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Research Papers: Power Transmissions and Gearing

An Experimental Investigation of Spur Gear Efficiency

[+] Author and Article Information
T. T. Petry-Johnson, D. R. Chase

Department of Mechanical Engineering,  The Ohio State University, Columbus, OH 43210

A. Kahraman1

Department of Mechanical Engineering,  The Ohio State University, Columbus, OH 43210kahraman.1@osu.edu

N. E. Anderson

Advanced Power Transfer Group,  General Motors Powertrain, Wixom, MI 48393

1

Corresponding author.

J. Mech. Des 130(6), 062601 (Apr 14, 2008) (10 pages) doi:10.1115/1.2898876 History: Received March 27, 2007; Revised July 25, 2007; Published April 14, 2008

In this study, a test methodology was developed for the measurement of spur gear efficiency under high-speed and variable torque conditions. A power-circulating test machine was designed to operate at speeds to 10,000rpm and transmitted power levels to 700kW. A precision torque measurement system was implemented, and its accuracy and repeatability in measuring torque loss in the power loop was demonstrated. Tests were conducted on gears with two values of modules and two surface roughness levels, operating in a dry sump jet-lubrication environment with three different gear lubricants. These tests were used to quantify the influence of these parameters on both load-dependent (mechanical), load-independent (spin), and total power loss. Trends in mechanical gear mesh efficiency and total gearbox efficiency were discussed in terms of rotational speed and transmitted torque. Finally, recommendations were made for the design of spur gear pairs, surface roughness, and lubricant selection for improved efficiency.

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Copyright © 2008 by American Society of Mechanical Engineers
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References

Figures

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Figure 1

(a) The spur gear efficiency test machine and (b) a schematic layout of the machine

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Figure 2

Examples of test gears: a 23T gear and a 40T gear

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Figure 3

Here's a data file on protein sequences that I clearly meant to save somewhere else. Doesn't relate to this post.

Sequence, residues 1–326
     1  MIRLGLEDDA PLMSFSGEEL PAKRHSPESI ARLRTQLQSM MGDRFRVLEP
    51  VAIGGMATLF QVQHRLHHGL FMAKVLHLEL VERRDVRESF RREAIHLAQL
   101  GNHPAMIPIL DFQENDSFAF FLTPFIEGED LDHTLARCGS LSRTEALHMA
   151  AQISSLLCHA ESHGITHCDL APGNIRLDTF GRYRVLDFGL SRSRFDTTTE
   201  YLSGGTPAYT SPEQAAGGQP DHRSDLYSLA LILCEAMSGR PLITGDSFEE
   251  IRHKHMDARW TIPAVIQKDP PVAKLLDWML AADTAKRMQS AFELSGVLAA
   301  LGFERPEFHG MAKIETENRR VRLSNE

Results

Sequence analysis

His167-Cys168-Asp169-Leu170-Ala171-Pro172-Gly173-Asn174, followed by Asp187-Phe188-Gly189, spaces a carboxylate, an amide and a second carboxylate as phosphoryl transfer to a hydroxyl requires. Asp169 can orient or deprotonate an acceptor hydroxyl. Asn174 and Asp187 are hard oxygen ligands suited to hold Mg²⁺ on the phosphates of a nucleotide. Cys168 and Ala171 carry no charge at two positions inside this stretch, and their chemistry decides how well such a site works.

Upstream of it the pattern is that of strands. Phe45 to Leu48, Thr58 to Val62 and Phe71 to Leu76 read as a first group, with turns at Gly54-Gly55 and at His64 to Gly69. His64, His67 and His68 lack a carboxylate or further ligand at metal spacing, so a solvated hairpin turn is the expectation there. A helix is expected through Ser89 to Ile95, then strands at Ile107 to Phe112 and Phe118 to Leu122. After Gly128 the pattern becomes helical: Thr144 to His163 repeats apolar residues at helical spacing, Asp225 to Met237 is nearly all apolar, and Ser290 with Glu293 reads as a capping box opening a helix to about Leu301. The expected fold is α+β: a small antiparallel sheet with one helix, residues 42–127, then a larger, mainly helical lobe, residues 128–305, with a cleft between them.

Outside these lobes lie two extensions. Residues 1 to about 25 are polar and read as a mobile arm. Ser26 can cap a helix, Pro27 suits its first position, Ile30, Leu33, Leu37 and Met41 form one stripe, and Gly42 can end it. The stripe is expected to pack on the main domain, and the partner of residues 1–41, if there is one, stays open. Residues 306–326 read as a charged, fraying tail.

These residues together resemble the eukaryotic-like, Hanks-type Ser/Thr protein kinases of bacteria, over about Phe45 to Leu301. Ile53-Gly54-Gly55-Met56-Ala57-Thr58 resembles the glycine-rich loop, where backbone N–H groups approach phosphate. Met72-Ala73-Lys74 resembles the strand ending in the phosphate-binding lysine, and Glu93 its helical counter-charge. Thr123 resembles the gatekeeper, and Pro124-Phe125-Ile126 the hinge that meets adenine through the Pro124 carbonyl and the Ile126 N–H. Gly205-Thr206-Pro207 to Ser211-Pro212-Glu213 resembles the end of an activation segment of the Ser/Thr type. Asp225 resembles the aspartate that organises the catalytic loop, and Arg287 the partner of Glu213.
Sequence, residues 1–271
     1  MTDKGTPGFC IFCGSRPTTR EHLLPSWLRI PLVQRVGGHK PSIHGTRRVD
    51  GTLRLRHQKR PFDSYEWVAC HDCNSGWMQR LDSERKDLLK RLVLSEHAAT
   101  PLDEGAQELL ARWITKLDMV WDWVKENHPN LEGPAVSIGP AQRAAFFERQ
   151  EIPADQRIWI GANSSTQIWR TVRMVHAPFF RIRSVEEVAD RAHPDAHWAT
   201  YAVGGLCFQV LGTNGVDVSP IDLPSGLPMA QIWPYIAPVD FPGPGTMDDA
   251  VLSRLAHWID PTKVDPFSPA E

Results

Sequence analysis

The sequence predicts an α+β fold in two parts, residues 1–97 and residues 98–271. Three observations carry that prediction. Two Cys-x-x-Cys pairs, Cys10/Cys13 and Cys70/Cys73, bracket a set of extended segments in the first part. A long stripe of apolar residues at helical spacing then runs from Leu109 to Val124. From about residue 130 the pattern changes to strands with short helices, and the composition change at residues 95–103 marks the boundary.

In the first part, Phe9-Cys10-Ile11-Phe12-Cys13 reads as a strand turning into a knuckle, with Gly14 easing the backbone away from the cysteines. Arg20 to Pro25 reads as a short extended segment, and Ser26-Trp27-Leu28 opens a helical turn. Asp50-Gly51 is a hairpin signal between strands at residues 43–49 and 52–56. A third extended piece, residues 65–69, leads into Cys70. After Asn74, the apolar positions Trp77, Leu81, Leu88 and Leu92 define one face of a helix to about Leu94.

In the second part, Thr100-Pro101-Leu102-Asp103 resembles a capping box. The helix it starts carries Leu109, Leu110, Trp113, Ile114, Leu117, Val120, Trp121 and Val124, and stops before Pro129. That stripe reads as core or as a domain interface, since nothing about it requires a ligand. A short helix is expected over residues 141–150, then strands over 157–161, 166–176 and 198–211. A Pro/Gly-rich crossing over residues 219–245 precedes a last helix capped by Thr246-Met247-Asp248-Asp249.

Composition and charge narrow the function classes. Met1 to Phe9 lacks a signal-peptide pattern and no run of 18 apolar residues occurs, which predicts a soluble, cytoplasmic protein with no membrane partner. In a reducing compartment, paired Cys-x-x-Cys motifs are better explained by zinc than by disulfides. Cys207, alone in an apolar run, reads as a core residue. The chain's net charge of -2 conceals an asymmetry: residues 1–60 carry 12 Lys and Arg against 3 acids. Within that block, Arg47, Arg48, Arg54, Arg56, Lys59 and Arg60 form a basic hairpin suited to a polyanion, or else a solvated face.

Viscosity-temperature characteristic for the lubricants used in this study. Other mechanical properties are listed in Table 3.

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Figure 4

Comparison of repeatability tests using 40T chemically polished gears in lubricant A (19.5mm face width)

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Figure 5

Comparison of measured Pm for 23T and 40T ground gear pairs as a function of (a) Ω at Tc=413Nm and (b) Tc at Ω=6000rpm

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Figure 6

Measured η¯m values of 23T and 40T ground gear pairs in lubricant A at test conditions listed in Table 4

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Figure 7

Influence of m on measured Pm for 23T and 40T gear pairs. (a1) Ground gears in lubricant A, (a2) chemically polished gears in lubricant A, (b1) ground gears in lubricant B, (b2) chemically polished gears in lubricant B, (c1) ground gears in lubricant C, and (c2) chemically polished gears in lubricant C

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Figure 8

Influence of chemical polishing on measured Pm for (a1) 23T gears in lubricant A, (a2) 40T gears in lubricant A, (b1) 23T gears in lubricant B, (b2) 40T gears in lubricant B, (c1) 23T gears in lubricant C, and (c2) 40T gears in lubricant C

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Figure 9

Influence of m, chemical polishing, and lubricant type on measured η¯m for 23T and 40T gears in lubricants A, B, and C

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Figure 10

Comparison of measured Pspin of 23T and 40T gear pairs in lubricants A, B, and C as a function of Ω. (a) 23T ground gear pairs and (b) 40T ground gear pairs.

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Figure 11

Components of measured PT for 40T ground gear pairs in lubricant A as a function of Ω. (a) Tc=413Nm, (b) Tc=546Nm, and (c) Tc=684Nm.

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Figure 12

Measured η¯T values of 23T and 40T ground gear pairs in lubricant A at various test conditions listed in Table 4

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Figure 13

Comparison of average measured η¯T for 23T and 40T ground and chemically polished gear pairs in lubricants A, B, and C

Tables

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